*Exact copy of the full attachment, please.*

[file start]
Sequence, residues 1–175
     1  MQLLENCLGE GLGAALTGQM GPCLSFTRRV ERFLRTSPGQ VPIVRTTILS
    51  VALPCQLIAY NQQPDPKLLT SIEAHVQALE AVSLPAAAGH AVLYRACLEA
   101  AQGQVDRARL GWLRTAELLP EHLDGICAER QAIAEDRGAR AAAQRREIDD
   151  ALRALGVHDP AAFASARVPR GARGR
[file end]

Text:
Sequence, residues 1–175
     1  MQLLENCLGE GLGAALTGQM GPCLSFTRRV ERFLRTSPGQ VPIVRTTILS
    51  VALPCQLIAY NQQPDPKLLT SIEAHVQALE AVSLPAAAGH AVLYRACLEA
   101  AQGQVDRARL GWLRTAELLP EHLDGICAER QAIAEDRGAR AAAQRREIDD
   151  ALRALGVHDP AAFASARVPR GARGR